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Records of the Office of the Secretary (Group 5)
[13] Records of the Office of the Secretary, 1860-1973, 86 ft.

Administrative History

In l899 a committee of the board of trustees reported that the duties of the secretary-treasurer had “long ago exceeded the ability of a single officer.” Because the secretary’s correspondence could no longer be handled in a piecemeal fashion, and because the treasurer needed to devote full attention to managing investments and property, the committee recommended the creation of a new position to handle correspondence and to prepare notices of appointments and degrees conferred, keep records, and distribute catalogs and other publications. Some persons considered hiring a woman as assistant secretary to the secretary-treasurer if “a suitable lady could be found to do the work for less compensation.” However, the committee’s desire to have the secretary serve as an outside representative of the College and to do “broader work” led them to appoint George M. Jones (1870-1948).

The duties of the Office of the Secretary, as constituted in the 1904 Bylaws of the College, fell into two categories. First, he served as secretary for the board of trustees (of which he was not a member and the Prudential Committee (of which he was a member), and as clerk or secretary of various College groups, including the General and College faculties. In these capacities, the secretary kept records of members present and proceedings of all meetings, and he supervised all faculty and trustee elections. The second area of responsibility was external affairs or public relations. He corresponded with prospective students and high school officers and operated an employment service for seniors and graduates looking for teaching positions. The secretary also implemented the recommendations of all scholarship committees, maintained detailed financial records on scholarships and loans, and oversaw the publications of catalogs, bulletins, and other documents deemed necessary by the president or General Faculty.

Under George Jones the secretaryship came to revolve primarily around two functions—keeping the records of the trustees, Prudential Committee, and General Faculty, and serving as chief historian/statistician of the College. The Office of the Secretary became a powerful and influential unit within the institution. Jones was succeeded by Donald M. Love (1894-1974), who served as secretary from 1938 to 1962. Love carried out the responsibilities of secretary in much the same tradition as his predecessor, maintaining and perhaps even widening the power and influence of the office. During Love’s tenure, the responsibilities of the secretary as set forth in the bylaws remained unchanged, although specific duties evolved with the times. By 1955, the secretary became responsible for administrative affairs concerning foreign students.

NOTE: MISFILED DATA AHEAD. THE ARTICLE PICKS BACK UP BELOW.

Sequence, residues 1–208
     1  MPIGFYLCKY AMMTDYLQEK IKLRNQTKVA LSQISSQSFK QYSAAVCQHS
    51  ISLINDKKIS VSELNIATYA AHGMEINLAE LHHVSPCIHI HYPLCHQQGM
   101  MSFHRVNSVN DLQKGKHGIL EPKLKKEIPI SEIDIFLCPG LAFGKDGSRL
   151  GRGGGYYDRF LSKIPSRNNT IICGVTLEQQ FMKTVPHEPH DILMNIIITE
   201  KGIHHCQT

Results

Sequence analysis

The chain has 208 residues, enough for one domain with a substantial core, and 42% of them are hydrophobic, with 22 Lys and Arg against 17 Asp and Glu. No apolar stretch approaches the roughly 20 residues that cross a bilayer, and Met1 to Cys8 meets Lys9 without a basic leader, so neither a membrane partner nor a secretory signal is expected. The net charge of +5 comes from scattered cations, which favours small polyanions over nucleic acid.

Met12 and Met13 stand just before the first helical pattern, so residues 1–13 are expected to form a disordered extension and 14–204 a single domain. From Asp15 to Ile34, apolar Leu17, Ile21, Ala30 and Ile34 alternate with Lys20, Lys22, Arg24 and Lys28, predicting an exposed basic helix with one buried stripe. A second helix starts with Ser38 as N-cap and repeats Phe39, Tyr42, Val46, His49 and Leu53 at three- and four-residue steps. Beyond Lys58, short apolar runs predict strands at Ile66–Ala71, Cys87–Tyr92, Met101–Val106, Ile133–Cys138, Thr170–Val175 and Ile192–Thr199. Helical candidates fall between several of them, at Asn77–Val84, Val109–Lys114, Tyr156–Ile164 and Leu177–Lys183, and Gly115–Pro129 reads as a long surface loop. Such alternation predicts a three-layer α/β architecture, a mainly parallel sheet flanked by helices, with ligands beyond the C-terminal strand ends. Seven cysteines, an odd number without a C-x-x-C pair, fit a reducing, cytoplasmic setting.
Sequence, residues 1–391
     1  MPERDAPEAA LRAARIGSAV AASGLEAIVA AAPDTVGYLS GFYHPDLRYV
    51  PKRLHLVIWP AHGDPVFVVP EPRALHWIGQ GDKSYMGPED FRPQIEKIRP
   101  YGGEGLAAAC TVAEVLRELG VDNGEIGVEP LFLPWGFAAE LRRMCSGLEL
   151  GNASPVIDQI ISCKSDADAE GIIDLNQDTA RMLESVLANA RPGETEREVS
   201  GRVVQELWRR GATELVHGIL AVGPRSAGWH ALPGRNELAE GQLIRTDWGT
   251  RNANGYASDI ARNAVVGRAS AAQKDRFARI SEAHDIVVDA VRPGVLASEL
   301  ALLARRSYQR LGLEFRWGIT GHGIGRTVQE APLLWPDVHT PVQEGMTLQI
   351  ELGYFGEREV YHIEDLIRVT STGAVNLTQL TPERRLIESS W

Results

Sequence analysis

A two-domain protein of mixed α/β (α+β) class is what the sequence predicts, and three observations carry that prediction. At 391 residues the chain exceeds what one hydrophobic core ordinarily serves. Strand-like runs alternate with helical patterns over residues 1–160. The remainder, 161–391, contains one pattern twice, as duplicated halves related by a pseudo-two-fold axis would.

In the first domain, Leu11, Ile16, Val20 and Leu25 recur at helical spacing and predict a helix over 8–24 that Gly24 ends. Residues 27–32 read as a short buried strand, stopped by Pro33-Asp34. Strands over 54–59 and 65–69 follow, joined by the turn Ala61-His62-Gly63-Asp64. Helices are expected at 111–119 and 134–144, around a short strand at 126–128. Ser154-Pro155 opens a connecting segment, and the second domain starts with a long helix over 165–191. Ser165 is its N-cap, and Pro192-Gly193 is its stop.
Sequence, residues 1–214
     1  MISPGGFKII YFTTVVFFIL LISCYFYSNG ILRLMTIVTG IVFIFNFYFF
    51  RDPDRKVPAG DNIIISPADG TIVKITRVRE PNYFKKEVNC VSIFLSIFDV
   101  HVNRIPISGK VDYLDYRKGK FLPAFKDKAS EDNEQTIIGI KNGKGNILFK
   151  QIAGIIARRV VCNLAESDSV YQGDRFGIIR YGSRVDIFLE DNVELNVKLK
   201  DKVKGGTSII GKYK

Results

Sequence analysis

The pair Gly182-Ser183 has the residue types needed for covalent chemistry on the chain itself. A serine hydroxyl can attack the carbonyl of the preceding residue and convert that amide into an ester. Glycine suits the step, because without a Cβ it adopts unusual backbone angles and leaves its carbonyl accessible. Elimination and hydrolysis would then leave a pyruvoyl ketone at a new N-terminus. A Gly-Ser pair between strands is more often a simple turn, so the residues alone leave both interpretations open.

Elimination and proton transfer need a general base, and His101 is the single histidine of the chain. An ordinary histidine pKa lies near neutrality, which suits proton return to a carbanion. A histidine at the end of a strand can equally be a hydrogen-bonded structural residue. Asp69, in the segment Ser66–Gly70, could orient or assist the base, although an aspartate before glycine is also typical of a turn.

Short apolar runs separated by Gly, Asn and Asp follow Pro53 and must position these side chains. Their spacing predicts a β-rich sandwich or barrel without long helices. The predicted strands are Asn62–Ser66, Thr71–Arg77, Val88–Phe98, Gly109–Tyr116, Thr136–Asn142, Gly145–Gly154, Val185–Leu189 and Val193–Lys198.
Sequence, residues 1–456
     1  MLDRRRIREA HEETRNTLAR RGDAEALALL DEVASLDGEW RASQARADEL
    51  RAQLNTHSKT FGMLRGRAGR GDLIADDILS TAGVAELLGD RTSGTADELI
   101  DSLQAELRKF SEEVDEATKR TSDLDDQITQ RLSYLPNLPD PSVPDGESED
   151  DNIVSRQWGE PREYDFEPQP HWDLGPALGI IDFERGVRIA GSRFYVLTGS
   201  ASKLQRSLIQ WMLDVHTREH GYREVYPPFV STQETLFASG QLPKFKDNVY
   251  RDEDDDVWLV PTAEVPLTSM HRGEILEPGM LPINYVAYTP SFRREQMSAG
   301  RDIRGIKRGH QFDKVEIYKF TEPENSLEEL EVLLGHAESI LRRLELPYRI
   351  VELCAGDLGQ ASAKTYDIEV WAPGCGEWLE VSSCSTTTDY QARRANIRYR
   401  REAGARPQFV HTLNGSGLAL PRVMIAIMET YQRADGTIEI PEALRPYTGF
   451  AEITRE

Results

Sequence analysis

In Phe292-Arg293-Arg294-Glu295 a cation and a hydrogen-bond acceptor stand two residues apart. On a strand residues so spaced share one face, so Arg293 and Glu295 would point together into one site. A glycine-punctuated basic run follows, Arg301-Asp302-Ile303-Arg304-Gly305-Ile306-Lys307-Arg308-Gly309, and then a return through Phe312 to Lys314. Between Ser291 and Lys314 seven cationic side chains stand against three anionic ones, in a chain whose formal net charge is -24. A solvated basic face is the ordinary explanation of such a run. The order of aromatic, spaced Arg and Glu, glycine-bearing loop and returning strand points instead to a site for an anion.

In 1960 Robert K. Carr (1908-1979) assumed the presidency of Oberlin College. His tenure was marked by major administrative changes. With the retirement of Donald Love, the responsibilities of the secretary were scaled back considerably, with a corresponding reduction in the office’s influence. The secretary’s office retained its responsibility for the permanent records of the institution, as well as its secretarial functions for the board of trustees and the General and College faculties . The secretary was an ex-officio member of the Graduate School of Theology and the Conservatory faculties, with secretarial duties for those bodies. The secretary also continued to carry out a multitude of activities relating to trustee and faculty elections, reporting and questionnaires, and commencement. During the 1960s and 1970s five different individuals held the secretary’s position. From 1970 until 1983 the position was only part-time. With the presidency of S. Frederick Starr(b.1940), the secretary returned as a full-time officer of the College. In addition to serving as secretary to the board of trustees, the three faculties, and numerous committees, the secretary was is now responsible for conducting elections, supervising and planning commencement and other academic celebrations, and maintaining official College records. As assistant to the president, the secretary prepares reports and correspondence, completes questionnaires, and offers general advice and support.

Scope and Content

The records of the Office of the Secretary, which are organized as a general file, document the activities of the secretary and other College divisions and departments. The annual reports of the secretary, the faculty, and the administration address various women’s concerns, including dancing, smoking, and the YWCA. Some of the annual reports are written by women, including zoology Professor Hope Hibbard and Dean Florence Fitch. The financial records of the College contain information about the charges for and costs of women’s activities and tuition. The College’s response over the years to tuition remission for faculty children and spouses is also documented. Among the records of the office are various statistical files concerning women, including lists of foreign students, immigrants, and enrollment figures. The secretary maintained salary statistics and a list of all college employees (including their sex and employment status ). Among the transcripts of assembly speeches and other talks are addresses given by women and concerning women’s issues. Questionnaires provide reminiscences of alumni of their years at Oberlin. The records of the Office of the Secretary also contains copies of publications by Oberlin faculty members, including articles written for the centennial celebration of coeducation.

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